The question is: will decisions about priorities at Rutgers be made by managers through budgeting mechanisms, or will they be made by faculty governance?
When we petitioned for this meeting, Old Queens was not simply micromanaging English courses on the basis of enrollments: Old Queens was attempting to direct the Writing Program about which courses could be offered and who could teach them. And the Writing Program is still being forced to limit its more advanced offerings.
Right now, you may say, this issue is local to the Writing Program and the English department. But its implications are global. If we concede that a vice provost or a vice president can meddle in a particular department’s course offerings, we no longer have faculty autonomy in the matter of instruction. Undergraduate and graduate program directors will have no more freedom in assembling and staffing a curriculum.
Dean March’s September 30 letter to chairs speaks of “using the teaching capacity of full-time instructors more efficiently.” But I submit that questions of what courses to offer, and which instructors should teach what, are best decided, as they have customarily been, within departments. It is department officers and committees who know colleagues and students best: who has the expertise? who has the experience? where are enrollments likely to go? where are low-enrolling courses nonetheless essential to programs of study?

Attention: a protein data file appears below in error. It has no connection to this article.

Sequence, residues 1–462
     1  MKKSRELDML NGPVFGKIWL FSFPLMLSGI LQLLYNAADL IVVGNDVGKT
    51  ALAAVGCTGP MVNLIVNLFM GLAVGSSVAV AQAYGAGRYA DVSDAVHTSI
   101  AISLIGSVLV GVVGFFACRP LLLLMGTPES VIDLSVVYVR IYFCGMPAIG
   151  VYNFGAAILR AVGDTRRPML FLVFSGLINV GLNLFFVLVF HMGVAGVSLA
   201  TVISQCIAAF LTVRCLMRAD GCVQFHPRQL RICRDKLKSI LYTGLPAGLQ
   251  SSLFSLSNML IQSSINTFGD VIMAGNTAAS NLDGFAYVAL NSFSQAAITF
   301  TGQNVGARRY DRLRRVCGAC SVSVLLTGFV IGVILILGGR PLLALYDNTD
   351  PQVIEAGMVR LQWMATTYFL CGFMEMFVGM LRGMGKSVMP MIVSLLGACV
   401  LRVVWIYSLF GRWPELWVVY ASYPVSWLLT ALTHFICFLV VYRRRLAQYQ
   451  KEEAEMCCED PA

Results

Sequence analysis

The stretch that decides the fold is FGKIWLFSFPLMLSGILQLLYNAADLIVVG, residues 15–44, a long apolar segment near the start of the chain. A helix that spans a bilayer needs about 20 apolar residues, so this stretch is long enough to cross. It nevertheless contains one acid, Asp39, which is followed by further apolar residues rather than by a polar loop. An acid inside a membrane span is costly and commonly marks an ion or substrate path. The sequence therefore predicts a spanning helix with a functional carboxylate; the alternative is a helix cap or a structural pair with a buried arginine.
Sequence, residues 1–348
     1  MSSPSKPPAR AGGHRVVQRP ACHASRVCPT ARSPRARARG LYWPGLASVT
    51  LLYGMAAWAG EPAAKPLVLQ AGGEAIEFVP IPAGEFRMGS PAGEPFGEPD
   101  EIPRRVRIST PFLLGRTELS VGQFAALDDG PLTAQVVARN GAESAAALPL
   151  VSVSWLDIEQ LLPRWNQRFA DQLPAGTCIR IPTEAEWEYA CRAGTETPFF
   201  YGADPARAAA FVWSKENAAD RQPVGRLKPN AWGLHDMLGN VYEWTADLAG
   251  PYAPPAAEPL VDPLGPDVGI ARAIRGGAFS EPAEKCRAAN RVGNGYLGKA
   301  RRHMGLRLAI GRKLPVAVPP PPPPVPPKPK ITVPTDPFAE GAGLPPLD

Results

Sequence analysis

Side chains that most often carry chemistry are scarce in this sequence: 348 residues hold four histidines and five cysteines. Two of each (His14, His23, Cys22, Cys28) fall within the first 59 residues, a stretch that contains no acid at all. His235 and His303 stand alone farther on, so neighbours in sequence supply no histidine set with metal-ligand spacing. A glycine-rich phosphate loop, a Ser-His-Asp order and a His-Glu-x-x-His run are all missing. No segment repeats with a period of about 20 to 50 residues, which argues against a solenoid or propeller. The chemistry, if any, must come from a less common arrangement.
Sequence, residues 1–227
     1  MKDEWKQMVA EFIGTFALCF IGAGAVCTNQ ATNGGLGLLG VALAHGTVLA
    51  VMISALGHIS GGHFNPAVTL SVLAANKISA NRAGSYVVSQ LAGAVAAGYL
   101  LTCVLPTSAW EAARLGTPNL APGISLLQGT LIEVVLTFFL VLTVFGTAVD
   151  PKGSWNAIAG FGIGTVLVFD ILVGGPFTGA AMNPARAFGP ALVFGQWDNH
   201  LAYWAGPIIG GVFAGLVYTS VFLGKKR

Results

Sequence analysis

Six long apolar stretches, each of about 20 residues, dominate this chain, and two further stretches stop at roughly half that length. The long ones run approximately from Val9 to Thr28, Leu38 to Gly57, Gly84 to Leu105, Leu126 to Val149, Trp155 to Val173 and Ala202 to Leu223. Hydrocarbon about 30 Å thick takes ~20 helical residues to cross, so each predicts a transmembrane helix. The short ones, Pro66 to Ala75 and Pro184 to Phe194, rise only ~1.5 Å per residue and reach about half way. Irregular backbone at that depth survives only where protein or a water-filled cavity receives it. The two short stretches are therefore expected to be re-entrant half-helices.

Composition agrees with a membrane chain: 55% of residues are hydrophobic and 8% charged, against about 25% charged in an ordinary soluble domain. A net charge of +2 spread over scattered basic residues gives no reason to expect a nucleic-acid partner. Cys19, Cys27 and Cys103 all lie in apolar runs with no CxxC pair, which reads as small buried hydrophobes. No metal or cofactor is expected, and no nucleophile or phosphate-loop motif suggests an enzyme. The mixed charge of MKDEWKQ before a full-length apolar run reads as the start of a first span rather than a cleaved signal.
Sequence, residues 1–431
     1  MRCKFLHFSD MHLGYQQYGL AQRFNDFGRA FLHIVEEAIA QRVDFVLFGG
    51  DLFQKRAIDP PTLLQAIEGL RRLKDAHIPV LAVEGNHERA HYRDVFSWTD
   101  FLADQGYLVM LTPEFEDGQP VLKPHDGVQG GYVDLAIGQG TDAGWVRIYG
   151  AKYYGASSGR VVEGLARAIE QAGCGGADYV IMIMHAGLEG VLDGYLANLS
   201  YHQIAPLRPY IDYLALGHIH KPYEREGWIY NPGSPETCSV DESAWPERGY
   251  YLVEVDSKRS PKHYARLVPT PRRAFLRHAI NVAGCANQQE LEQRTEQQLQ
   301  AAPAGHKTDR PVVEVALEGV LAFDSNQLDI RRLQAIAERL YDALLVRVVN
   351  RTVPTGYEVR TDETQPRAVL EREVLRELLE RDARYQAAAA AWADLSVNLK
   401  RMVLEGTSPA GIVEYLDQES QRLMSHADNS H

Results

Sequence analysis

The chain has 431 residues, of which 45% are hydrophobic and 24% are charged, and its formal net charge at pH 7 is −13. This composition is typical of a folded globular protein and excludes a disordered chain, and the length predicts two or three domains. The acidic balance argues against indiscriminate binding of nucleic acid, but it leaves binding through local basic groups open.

“Efficiency” cannot justify interfering in the academic affairs of departments to rewrite curriculum. “Efficiency” cannot cloak layoffs that undermine research and instruction. And “efficiency” cannot excuse decisions that, by harming the quality of our classes, ultimately harm our students.
So I think we need to pause and re-evaluate priorities across Rutgers and within SAS in particular. If additional state funds are now available, we can re-examine budgeting decisions. We can say: No to layoffs. No to PTL cuts. And we can say: Faculty expertise, and not “efficiency” as interpreted by administrators, decides about curriculum.
So I have a resolution to introduce. It begins with a series of motivating statements that amplify what I have just said, and then it proposes a way to re-evaluate priorities within SAS.
I’ve just taught the first meeting of my fall 2020 graduate seminar, “Science Fiction and Cultural Capital,” so it strikes me that I could now post a link to the syllabus. I suppose I could have tried a little harder to find and assign SF in which people can only connect with others by video link; my hazy and distressing memories of Asimov’s The Naked Sun made me balk there. Anyway, the motto of 2020 is: You do what you can. In this case, what I can do includes assigning a Star Wars novel and making students read about omnivorousness. That, and The Dispossessed.
Back to Stevens:
Yet the absence of the imagination had
Itself to be imagined. The great pond,
The plain sense of it, without reflections, leaves,
Mud, water like dirty glass, expressing silence
Of a sort, silence of a rat come out to see,
The great pond and its waste of the lilies, all this
Had to be imagined as an inevitable knowledge,
Required, as a necessity requires.